If he is willing to listen, encourage your husband to write a letter to the Prophet (peace sand blessings be upon him), pouring out his sorrow, anger, disbelief and so on. When his eyes shed tears, then his heart will often.

The door of punishment is not changing your husband’s behaviour. Perhaps the door of Prophetic love will.

Spiritual nourishment

Please look after your own heart during this time. Guard your prayers, and increase your acts of worship. Bring light into your home. Have regular gatherings of goodness in your home, and connect to like-minded and like-hearted families.

Be gentle with yourself. Forgive yourself. When you feel overwhelmed, I encourage you to practice these Self-Compassion Guided Meditations and Exercises

Guiding your children

It was narrated from Aishah (may Allah be pleased with her) that the Prophet (peace and blessings be upon him) said: “Allah is Gentle and loves gentleness in all things.” [Sunan Ibn Majah]

Your children are so blessed to have you as their mother. Please ensure that your own aqidah foundations are strong, so that you can teach them about Allah and protect them from being negatively influenced by your husband. You are the wellspring from which they draw from, and they learn best from you who are.

I strongly recommend that you purchase and go through these wonderful children’s books from Fons Vitae. I have bought them for my own children.

Please continue to lead salat for your children. Do acts of worship together, as a family (reading Qur’an, reading Hadith, making dua together etc), even if your husband is unwilling to join you. The states of your illuminated hearts will flow to your husband. Trust in this.

Please see:

A Reader on the Problem of Evil, Suffering, Destiny, and Allah’s Mercy

[Ustadha] Raidah Shah Idil

Checked & Approved by Shaykh Faraz Rabbani

Ustadha Raidah Shah Idil has spent almost two years in Amman, Jordan, where she learned Shafi’i’ fiqh, Arabic, Seerah, Aqeedah, Tasawwuf, Tafsir and Tajweed. She continues to study with her Teachers in Malaysia and online through SeekersHub Global. She graduated with a Psychology and English degree from University of New South Wales, was a volunteer hospital chaplain for 5 years and has completed a Diploma of Counselling from the Australian Institute of Professional Counsellors. She lives in Kuala Lumpur, Malaysia, with her husband, daughter, and mother-in-law.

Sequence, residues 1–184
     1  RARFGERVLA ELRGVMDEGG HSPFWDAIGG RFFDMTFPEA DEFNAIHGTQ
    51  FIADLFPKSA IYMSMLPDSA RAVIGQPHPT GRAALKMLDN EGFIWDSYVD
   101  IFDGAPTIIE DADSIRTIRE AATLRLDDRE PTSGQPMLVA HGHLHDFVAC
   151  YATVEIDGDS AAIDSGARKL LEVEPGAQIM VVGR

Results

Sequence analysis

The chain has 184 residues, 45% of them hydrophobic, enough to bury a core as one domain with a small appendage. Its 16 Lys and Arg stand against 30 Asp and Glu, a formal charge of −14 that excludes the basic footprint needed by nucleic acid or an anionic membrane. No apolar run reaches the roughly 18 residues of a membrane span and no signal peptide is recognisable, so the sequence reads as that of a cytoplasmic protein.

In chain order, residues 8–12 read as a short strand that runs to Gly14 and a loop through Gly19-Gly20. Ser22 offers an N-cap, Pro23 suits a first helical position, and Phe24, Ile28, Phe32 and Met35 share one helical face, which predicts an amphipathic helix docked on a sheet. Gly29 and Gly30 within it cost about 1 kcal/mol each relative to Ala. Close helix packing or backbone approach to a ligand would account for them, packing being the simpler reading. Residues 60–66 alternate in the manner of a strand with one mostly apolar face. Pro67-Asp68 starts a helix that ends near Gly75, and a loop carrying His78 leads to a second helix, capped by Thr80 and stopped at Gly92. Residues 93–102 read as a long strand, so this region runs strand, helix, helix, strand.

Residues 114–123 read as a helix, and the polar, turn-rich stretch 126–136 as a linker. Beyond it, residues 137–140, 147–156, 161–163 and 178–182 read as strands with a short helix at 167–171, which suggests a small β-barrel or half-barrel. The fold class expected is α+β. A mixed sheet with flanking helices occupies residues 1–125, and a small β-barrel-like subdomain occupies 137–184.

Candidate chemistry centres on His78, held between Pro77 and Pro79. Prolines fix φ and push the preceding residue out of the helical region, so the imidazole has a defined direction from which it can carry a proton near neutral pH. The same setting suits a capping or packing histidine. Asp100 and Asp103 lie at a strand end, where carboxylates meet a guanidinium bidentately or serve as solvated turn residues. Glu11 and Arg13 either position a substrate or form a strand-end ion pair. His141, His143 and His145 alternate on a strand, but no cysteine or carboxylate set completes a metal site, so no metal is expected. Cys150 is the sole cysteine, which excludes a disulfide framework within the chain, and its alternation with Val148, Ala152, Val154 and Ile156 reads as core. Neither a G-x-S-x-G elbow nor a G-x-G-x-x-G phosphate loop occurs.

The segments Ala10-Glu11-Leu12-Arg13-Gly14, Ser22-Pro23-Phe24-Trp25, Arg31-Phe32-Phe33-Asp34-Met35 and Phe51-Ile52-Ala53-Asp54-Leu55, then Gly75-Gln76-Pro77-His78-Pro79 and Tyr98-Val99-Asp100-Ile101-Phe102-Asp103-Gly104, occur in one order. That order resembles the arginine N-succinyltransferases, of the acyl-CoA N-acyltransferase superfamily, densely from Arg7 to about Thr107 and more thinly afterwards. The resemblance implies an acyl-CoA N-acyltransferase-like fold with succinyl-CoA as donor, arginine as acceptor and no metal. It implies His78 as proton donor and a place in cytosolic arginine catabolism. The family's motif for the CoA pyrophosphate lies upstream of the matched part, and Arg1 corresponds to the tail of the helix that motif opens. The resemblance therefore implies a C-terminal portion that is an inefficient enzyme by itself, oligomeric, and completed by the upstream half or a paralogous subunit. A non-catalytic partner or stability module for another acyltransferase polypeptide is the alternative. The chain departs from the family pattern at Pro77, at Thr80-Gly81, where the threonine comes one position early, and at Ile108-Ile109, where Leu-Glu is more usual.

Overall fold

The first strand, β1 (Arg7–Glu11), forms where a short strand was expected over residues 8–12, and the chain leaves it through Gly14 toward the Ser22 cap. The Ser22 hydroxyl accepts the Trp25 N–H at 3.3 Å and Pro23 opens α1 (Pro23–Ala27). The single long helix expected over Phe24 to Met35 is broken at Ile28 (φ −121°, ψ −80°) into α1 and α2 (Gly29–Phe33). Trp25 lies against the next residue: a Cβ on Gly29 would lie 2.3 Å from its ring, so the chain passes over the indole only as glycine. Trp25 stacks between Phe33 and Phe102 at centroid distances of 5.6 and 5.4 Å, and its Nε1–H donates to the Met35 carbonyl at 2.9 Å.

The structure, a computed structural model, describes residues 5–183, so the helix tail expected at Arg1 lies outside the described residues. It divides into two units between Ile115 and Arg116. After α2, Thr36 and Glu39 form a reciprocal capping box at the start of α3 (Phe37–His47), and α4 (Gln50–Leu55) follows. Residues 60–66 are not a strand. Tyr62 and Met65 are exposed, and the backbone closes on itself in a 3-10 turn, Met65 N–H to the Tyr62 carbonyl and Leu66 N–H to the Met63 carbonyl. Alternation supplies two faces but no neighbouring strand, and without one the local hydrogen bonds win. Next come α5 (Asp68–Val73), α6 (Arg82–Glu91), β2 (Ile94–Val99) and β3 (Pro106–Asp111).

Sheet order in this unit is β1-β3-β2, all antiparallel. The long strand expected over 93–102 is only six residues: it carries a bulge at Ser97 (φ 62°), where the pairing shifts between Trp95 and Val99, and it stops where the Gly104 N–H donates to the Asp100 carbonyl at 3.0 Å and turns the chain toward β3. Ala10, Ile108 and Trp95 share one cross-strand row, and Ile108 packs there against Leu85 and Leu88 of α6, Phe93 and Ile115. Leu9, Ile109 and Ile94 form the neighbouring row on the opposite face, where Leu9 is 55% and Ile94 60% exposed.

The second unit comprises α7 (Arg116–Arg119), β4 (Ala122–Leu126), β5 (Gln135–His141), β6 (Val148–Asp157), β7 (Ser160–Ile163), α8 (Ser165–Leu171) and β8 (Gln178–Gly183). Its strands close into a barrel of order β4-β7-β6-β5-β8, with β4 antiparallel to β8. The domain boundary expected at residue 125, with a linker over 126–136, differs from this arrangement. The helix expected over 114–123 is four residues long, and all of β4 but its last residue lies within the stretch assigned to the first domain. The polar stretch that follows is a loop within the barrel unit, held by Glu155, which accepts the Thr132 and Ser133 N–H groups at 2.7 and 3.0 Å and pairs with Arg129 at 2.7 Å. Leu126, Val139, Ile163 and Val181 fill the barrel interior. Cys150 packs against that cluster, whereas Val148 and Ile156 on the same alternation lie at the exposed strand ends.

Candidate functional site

What Is the Ruling of the Husband Living Away From His Wife?

Answered by Shaykh Abdul-Rahim Reasat

Question: Assalamu alaykum

What is the ruling of the husband living away from his wife in ‘idda and marriage?

Is there any difference to the ruling, if the wife owns the marital home?

Answer: Wa ‘alaykum as-salam wa rahmatullah wa barakatuh

Thank you for your question.

During Marriage

In general, the husband may live away from his wife whilst married to her, as long as this fits under the bracket of ‘maʿruf’, universally recognised goodness, which the Qur’an commands. This could be temporary for the purposes of work, etc. However, if it is for too long, such that it encroaches on her rights to things such as finances, his good company, or intimacy then he would be sinful (al-Maydani, al-Lubab). Specifying the time period would be dependant on what her needs are.

During the ʿIdda (Waiting Period)

There are multiple types of ʿidda, but what concerns us here is the ʿidda from a revocable divorce (ṭalāq rajʿī) and the ʿidda from an irrevocable divorce (ṭalāq bāʾin). For the former the husband and the wife are both to stay in the marital home, and she is encouraged to dress nicely in the hope that he will revoke the divorce, make amends, and continue married life with her.

In the ʿidda of an irrevocable divorce, they are both to dwell in the marital home, but without any contact. If there is cause for concern then another lady may live in the house with her. However, if there is cause for concern it is better for him to leave the house, because Allah commanded the lady to remain at home – not him (Haskafi, al-Durr al-Mukhtar).

If the wife owns the marital home, he will have to leave at the end of the ʿidda.

And Allah knows best

Wassalam,
[Shaykh] Abdul-Rahim Reasat

Shaykh Abdul-Rahim Reasat began his studies in Arabic Grammar and Morphology in 2005. After graduating with a degree in English and History he moved to Damascus in 2007 to study and sit at the feet of some of the most erudite scholars of our time.

Over the following eighteen months he studied a traditional curriculum, studying with scholars such as Shaykh Adnan Darwish, Shaykh Abdurrahman Arjan, Shaykh Hussain Darwish and Shaykh Muhammad Darwish.